Ryf Reclaims IRONMAN 70.3 World Crown
Switzerland’s triathlon powerhouse showed her strength over a tough course against the world’s best women.
It was a historic day at the Icy Hot IRONMAN 70.3 World Championship with a women’s-only race held on day one of a weekend festival. The field featured 2016 champion Holly Lawrence, two-time champions Daniela Ryf and Melissa Hauschildt, and numerous other IRONMAN 70.3 stars and short-course speedsters.
The women lined up at 7:30 am on a pontoon overlooking the glass-calm Tennessee River, on a day that couldn’t have featured better conditions. After the gun went off, the USA’s Lauren Brandon charged to the front, with Haley Chura and Sarah True pulling their weight in the up current portion of the 1.2-mile swim. The three held their positions as the downstream current ushered them back into T1, with Brandon clocking the fastest swim of the day (25:23). Holly Lawrence’s surprising 2:17 minute deficit out of the swim was the first sign that things weren’t quite right for the British defending champion.
Two-time IRONMAN 70.3 world champion and reigning IRONMAN world champion Daniela Ryf wasted no time putting her stamp on the race early on. By five miles in she had charged to the front of the bike course, and by the top of the grueling Lookout Mountain climb, it was clear she’d never have to look back. Fans watched intently as Lawrence began to work hard on shrinking her deficit out of the swim, but at mile 25, pulled out of the race.
From that moment on, it was clear the day would go on to become the Ryf show, as so many of the races she enters do. By the end of the hilly, technical bike course, Ryf had put almost 9 minutes into her next closest competitor—Germany’s Laura Philipp, who was also demonstrating her cycling strength. Into T2 well ahead of a chase pack of 10, Ryf took off on the run, ready to back up her race-best bike split of 2:20:21 with a strong half marathon that would lead her to her third IRONMAN 70.3 world championship victory.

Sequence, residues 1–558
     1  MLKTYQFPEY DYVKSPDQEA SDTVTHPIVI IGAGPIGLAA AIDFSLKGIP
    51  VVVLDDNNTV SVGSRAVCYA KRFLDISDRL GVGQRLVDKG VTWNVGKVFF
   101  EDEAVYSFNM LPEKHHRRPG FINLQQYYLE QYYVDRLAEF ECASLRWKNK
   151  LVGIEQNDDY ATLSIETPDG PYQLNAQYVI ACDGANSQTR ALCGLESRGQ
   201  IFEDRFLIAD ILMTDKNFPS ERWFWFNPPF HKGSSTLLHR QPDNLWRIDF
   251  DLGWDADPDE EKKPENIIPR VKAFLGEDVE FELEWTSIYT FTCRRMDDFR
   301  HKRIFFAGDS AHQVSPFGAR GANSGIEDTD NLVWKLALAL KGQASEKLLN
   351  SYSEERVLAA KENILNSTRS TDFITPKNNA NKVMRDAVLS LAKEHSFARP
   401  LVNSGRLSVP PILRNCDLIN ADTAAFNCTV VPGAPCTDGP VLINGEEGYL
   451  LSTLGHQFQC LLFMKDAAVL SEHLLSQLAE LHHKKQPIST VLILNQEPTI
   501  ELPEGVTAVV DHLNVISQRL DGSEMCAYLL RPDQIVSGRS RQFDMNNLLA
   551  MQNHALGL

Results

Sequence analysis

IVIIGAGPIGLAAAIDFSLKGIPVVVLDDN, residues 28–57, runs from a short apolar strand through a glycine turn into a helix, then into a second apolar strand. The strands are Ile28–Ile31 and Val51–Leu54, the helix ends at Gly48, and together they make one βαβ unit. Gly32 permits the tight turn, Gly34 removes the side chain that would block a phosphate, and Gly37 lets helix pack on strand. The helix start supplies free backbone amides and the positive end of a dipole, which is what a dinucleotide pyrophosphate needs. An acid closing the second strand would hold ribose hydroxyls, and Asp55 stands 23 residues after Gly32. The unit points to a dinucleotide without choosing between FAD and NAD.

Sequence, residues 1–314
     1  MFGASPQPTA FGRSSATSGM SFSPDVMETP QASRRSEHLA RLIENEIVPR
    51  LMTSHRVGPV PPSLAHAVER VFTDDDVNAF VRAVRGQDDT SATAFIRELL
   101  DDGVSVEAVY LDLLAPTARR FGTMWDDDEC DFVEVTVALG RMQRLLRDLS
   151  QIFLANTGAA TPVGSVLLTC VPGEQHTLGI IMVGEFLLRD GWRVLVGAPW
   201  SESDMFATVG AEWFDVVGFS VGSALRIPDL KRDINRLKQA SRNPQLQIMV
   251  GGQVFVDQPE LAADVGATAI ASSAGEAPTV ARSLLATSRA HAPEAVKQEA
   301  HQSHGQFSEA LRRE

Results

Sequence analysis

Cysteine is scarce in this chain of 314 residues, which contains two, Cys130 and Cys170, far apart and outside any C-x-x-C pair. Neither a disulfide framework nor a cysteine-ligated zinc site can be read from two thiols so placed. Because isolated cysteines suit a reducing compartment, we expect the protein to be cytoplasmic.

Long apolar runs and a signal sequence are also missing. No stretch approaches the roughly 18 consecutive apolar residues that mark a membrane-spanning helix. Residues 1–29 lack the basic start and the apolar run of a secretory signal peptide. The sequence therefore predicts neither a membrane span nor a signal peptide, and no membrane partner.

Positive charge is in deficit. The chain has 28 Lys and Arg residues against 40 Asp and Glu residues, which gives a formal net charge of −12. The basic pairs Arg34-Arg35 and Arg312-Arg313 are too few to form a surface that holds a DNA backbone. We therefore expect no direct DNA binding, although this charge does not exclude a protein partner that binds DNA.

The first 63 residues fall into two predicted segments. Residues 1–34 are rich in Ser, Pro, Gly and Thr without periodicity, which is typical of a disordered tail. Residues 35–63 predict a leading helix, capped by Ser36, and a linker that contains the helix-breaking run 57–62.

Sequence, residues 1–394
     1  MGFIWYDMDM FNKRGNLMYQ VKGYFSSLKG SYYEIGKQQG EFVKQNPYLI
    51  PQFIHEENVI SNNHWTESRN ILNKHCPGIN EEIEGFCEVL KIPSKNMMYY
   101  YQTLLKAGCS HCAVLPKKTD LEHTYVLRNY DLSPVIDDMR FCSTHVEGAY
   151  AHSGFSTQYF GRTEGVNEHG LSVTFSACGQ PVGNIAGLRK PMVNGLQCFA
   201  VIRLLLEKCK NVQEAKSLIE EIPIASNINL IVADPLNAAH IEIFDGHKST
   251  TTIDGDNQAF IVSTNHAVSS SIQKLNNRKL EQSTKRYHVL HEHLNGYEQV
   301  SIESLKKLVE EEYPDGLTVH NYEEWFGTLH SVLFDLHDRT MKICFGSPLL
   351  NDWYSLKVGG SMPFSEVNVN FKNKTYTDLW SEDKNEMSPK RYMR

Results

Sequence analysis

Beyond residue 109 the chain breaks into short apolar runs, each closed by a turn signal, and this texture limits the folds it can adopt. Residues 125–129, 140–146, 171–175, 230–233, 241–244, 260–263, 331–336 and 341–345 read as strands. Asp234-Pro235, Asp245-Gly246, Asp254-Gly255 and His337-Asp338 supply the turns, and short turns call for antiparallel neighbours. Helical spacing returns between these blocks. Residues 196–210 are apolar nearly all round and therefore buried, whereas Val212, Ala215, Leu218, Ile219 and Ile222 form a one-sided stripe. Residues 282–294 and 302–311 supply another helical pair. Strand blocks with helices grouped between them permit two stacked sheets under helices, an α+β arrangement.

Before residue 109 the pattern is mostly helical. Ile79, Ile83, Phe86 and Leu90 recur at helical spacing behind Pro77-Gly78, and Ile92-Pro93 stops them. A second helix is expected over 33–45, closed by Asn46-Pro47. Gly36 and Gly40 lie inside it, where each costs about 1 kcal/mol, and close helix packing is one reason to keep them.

Behind her, a pack of strong runners entered T2 within 30 seconds of each other, ready to put the pressure on, but facing the reality—and the return—of Ryf’s dominant style that would lead her to become the first woman to earn this title three times. On her way to yet another world championship title, Daniela Ryf swam a 26:26, biked a 2:20:21, and put in a solid 1:22:06 run for a finishing time of 4:09:47.
“It was one of these races you wish to have at a world championship,” Ryf said. “It was not perfect—I lost my nutrition at 5k on the bike and I wasn’t sure I was going to make it through the bike. I grabbed everything I could at the aid stations.”
Once onto the run, British middle-distance run specialist Emma Pallant was keen to establish herself as one to watch in triathlon. She stormed into second place at mile 1, showcasing a flawless technique that would propel her to a race-best run split (1:19:48).
Despite her incredible run, in the end, 13.1 miles wasn’t enough time to put a dent in the seasoned leader, and Pallant ended up crossing the finish line 6:30 minutes behind the champion. After the race she remarked at how happy she was with her performance: “After a big block of training, if you don’t execute, there’s no point. This has given me confidence, and shown that yes, it makes a difference.”
Laura Philipp remained consistent to hold on to third, with American newcomer Sarah True putting on a memorable performance, and Denmark’s Helle Frederiksen fighting strong for fifth.
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